Tabreed is showing how district cooling represents a vital cog in the sustainable built environment, its 80-plus plants in the GCC helping to eliminate millions of tonnes of carbon dioxide emissions
Writer: Tom Wadlow | Project Manager: Eddie Clinton
Rapid urban migration, a warm regional climate and high-density infrastructure developments may seem like three relatively separate, unconnected observations at face value.
Population patterns continue to shift towards urban environments, temperatures in the Middle East are constantly warm versus other parts of the world, and regional governments are investing in large-scale infrastructure to futureproof their economies.
But there is a common denominator – they are all factors contributing to a surge in demand for sustainable district cooling. Globally, by 2021 the market is set to be worth more than $9.5 billion, more than double what it was valued in 2016 ($4.6 billion).
In the GCC region, this presents a tremendous opportunity for leading district cooling specialist Tabreed to make a massive difference to the developmental landscape in a sustainable way.
“With the rapid changes in climate, efficiency is becoming key for effective climate action,” comments Souad Jamal Al Serkal, Tabreed’s VP of Strategic Communications. “We are in charge of the future of our planet and responsible for preserving it for future generations.
“The cooling industry has changed from what it used to be, in light of urban expansion and the major developments in the construction sector, especially in the GCC, and the continuing gradual rise in temperatures globally.
“The sector has had to adapt and evolve in response to these challenges and now plays a major role in developing cities and communities – it has become an ideal solution to achieve sustainability goals. And by some estimates, up to 40 percent of upcoming developments within the GCC are ideally suited for district cooling, representing a colossal opportunity for both Tabreed and the entire industry.”
Al Serkal and the company are determined to place district cooling at the forefront of the sustainable urban development agenda, and it is clear to see why.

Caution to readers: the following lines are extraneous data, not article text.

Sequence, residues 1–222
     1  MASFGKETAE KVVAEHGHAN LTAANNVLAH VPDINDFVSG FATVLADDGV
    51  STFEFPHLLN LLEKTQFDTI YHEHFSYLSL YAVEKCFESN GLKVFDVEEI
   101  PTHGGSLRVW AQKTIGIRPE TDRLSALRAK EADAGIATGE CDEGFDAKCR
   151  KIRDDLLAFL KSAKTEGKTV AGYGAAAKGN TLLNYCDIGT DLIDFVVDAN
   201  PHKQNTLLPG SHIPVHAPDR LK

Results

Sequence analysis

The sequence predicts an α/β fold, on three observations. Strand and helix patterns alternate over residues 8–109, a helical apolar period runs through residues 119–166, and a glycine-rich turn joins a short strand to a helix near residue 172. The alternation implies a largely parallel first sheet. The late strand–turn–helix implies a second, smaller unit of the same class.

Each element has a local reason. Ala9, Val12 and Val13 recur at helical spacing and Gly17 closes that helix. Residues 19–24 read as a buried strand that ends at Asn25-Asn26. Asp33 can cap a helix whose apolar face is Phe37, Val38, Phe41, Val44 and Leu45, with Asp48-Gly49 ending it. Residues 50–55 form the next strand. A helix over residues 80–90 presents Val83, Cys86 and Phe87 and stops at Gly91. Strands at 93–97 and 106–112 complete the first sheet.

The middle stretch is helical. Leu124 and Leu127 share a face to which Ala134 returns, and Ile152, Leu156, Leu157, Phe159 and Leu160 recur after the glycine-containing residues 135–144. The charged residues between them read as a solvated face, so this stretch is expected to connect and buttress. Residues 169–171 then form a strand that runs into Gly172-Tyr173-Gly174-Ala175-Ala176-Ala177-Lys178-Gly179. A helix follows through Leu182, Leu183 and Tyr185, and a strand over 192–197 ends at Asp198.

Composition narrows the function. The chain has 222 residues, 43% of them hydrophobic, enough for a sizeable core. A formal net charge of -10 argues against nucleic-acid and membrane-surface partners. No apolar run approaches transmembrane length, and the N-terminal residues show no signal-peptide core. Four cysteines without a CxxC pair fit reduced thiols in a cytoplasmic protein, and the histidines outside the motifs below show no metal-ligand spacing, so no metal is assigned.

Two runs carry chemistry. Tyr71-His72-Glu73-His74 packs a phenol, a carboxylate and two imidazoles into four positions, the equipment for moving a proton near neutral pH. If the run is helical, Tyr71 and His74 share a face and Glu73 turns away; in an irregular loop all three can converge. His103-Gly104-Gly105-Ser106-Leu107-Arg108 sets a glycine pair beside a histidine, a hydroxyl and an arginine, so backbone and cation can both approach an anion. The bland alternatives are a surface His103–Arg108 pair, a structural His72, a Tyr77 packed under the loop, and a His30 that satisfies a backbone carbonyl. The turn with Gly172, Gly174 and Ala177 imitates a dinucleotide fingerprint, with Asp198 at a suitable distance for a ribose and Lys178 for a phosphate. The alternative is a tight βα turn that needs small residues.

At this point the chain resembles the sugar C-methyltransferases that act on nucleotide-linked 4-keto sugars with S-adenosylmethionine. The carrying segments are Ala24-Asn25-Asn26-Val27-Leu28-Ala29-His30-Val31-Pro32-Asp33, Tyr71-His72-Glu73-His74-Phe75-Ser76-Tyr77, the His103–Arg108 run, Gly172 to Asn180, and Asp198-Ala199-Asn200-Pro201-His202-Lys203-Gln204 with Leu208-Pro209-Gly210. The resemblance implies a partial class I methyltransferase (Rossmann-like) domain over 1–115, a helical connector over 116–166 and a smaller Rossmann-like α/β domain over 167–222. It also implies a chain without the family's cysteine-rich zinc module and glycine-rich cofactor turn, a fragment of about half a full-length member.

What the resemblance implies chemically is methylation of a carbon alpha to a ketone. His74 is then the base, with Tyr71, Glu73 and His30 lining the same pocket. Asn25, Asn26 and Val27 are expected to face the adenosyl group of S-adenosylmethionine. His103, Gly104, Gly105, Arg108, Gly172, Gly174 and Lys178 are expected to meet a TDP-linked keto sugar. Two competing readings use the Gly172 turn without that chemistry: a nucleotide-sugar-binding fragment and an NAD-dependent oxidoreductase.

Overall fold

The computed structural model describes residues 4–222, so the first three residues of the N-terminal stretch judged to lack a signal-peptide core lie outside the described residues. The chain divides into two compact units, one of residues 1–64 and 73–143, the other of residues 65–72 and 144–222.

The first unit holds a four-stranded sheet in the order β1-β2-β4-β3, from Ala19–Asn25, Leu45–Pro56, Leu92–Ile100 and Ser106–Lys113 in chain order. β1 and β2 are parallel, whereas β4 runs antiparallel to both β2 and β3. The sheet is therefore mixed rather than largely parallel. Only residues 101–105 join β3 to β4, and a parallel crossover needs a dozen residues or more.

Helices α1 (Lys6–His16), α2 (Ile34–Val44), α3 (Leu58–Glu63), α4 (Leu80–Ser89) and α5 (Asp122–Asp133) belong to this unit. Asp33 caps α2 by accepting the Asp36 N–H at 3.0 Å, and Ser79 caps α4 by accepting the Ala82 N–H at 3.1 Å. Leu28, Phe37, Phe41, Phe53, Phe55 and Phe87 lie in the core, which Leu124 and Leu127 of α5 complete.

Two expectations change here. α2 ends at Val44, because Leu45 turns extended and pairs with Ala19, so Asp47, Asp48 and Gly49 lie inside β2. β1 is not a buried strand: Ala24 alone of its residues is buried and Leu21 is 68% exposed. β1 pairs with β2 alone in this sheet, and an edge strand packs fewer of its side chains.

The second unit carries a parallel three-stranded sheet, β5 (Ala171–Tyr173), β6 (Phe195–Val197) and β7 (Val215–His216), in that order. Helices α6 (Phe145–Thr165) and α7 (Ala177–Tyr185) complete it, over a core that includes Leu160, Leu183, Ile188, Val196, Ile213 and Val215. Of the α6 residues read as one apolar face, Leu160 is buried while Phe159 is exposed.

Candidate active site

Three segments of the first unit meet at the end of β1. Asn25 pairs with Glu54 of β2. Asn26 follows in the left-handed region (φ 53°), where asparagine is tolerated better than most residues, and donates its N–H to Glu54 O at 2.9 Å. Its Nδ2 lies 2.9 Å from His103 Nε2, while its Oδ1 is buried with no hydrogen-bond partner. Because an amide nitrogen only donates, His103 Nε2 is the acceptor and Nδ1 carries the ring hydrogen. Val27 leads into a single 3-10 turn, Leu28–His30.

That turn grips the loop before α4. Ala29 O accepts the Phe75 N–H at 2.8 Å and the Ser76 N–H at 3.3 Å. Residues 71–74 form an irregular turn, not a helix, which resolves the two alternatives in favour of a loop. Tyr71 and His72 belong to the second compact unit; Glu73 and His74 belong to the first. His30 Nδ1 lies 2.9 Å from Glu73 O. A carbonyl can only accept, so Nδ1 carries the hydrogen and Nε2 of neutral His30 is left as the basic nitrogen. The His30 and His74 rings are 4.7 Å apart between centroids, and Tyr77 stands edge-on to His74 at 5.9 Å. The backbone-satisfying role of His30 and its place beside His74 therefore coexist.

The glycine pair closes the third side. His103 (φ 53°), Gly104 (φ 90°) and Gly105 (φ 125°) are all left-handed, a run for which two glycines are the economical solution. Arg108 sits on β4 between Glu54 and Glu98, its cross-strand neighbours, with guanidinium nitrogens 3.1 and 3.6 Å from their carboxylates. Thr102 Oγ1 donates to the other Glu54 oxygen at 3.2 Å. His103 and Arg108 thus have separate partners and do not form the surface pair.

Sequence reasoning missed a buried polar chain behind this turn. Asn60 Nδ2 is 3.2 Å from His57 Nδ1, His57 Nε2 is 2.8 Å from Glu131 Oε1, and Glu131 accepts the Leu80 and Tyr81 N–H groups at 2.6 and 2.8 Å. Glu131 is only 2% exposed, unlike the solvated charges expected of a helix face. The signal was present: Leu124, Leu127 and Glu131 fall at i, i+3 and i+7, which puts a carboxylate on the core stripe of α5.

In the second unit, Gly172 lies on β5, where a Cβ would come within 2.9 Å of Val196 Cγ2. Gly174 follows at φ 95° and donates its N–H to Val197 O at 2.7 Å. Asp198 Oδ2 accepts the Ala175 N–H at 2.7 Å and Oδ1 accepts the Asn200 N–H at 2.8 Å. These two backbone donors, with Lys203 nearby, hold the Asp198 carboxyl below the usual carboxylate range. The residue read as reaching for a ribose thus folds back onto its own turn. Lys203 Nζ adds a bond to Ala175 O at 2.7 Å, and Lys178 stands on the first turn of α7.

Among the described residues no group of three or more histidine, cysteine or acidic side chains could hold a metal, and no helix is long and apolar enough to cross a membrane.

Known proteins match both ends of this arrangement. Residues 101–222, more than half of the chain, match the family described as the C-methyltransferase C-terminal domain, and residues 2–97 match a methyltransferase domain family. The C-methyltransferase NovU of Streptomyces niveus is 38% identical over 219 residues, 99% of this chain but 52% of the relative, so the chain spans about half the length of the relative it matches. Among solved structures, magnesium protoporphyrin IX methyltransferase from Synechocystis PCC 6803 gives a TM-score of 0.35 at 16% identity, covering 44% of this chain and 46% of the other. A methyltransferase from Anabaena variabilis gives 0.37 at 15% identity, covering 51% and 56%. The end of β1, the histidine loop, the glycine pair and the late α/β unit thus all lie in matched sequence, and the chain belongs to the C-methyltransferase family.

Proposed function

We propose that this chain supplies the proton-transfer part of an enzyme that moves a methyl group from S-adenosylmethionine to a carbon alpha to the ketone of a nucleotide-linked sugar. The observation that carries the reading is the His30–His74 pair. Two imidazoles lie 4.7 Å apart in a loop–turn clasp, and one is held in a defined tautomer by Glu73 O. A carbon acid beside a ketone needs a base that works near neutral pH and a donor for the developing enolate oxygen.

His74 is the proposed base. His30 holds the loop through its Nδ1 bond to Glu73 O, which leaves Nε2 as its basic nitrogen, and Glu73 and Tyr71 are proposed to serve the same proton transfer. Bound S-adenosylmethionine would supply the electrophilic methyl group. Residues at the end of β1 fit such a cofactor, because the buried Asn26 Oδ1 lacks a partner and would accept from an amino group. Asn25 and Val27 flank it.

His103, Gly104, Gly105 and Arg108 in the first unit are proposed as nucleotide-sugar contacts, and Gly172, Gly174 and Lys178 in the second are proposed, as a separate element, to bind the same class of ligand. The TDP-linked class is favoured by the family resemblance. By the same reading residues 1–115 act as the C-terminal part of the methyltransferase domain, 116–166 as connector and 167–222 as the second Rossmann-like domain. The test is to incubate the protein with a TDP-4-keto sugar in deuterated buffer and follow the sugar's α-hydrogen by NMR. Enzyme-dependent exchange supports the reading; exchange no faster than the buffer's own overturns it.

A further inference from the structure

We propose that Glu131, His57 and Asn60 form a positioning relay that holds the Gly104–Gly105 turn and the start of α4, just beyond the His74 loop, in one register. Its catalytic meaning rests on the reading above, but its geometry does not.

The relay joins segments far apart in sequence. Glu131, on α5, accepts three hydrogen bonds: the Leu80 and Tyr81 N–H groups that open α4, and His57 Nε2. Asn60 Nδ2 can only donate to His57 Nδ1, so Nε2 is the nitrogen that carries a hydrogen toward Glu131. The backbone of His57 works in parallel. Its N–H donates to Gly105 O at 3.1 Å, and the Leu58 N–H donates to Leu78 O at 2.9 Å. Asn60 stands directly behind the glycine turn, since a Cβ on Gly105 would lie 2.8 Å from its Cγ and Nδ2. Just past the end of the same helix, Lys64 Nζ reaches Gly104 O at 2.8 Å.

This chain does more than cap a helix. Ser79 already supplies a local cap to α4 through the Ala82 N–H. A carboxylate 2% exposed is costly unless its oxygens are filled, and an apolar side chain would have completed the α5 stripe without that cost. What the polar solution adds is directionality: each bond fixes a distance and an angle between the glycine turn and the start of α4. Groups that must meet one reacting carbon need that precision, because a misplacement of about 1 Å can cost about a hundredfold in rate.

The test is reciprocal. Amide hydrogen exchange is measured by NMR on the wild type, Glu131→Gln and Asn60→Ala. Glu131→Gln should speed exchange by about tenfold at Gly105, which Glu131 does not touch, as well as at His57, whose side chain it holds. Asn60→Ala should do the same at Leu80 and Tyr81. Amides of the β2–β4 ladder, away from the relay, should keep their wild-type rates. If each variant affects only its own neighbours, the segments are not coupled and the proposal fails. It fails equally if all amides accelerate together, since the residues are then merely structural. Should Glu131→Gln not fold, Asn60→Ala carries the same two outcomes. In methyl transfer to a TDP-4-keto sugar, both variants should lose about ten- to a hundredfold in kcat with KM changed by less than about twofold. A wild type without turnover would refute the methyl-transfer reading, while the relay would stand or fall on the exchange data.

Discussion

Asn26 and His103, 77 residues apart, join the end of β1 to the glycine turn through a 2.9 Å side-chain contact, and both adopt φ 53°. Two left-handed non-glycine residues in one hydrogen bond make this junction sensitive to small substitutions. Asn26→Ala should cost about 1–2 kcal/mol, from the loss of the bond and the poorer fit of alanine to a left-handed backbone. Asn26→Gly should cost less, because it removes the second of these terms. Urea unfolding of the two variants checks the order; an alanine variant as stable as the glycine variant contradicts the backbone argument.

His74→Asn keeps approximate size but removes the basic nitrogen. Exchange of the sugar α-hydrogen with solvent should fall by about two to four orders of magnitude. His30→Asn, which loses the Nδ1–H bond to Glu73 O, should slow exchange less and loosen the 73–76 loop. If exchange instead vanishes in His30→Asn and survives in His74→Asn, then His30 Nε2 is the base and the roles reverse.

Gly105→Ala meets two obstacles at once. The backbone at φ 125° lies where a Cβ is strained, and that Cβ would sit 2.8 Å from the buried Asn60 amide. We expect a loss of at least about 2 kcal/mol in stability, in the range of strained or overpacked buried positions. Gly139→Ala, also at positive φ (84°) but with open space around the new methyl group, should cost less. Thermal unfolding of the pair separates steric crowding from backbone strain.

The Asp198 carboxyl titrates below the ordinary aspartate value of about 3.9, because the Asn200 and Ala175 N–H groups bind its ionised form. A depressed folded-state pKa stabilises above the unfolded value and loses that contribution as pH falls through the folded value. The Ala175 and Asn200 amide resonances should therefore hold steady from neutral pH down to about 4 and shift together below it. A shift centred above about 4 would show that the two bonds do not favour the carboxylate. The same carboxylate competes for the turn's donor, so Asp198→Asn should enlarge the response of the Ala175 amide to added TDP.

For example, it is up to 50 percent more efficient than conventional cooling methods, a figure rising to 70 percent during peak times of activity like factory working hours, busy traffic periods at airports and when high density residential towers are most heavily occupied.
And Tabreed is playing a protagonist’s role. Over the past year, it has helped save 2.06 billion kilowatt hours across the GCC, which is enough energy to power 117,500 homes in the UAE. In carbon terms, this prevented the release of 1.23 million metric tonnes of CO2 into the atmosphere, the equivalent of taking 268,000 vehicles off the road.
Steering sustainable development
These already impactful numbers are only set to increase as Tabreed takes on new projects.
“We have established a number of new partnerships with global players in the industry,” adds Al Serkal. “Working towards a more energy-efficient future for Sharjah and delivering the first district cooling solutions for the Emirate, we joined forces with Bee’ah, the Middle East’s leading sustainability pioneer.”
In Masdar City (Abu Dhabi), Tabreed has signed a long-term agreement to acquire the futuristic development’s district cooling plants as it bids to hit its energy efficiency targets.
A world-renowned green city, Masdar is a flagbearer for urban sustainability and also home to some of Abu Dhabi’s most iconic and efficient buildings, including the UAE Space Agency headquarters, MAF Masdar City Center, IRENA HQ and Siemens’ regional head office.
Once expanded, the district cooling plants will provide cooling solutions across more than 2.7 million square metres, operating with a capacity of 69,000 refrigeration tonnes (RT).
“We will also integrate our state-of-the-art AI module control system,” Al Serkal says. “This will adjust the plant’s operating parameters more efficiently and economically to the specific cooling requirements, thus further reducing carbon emissions across the city and beyond.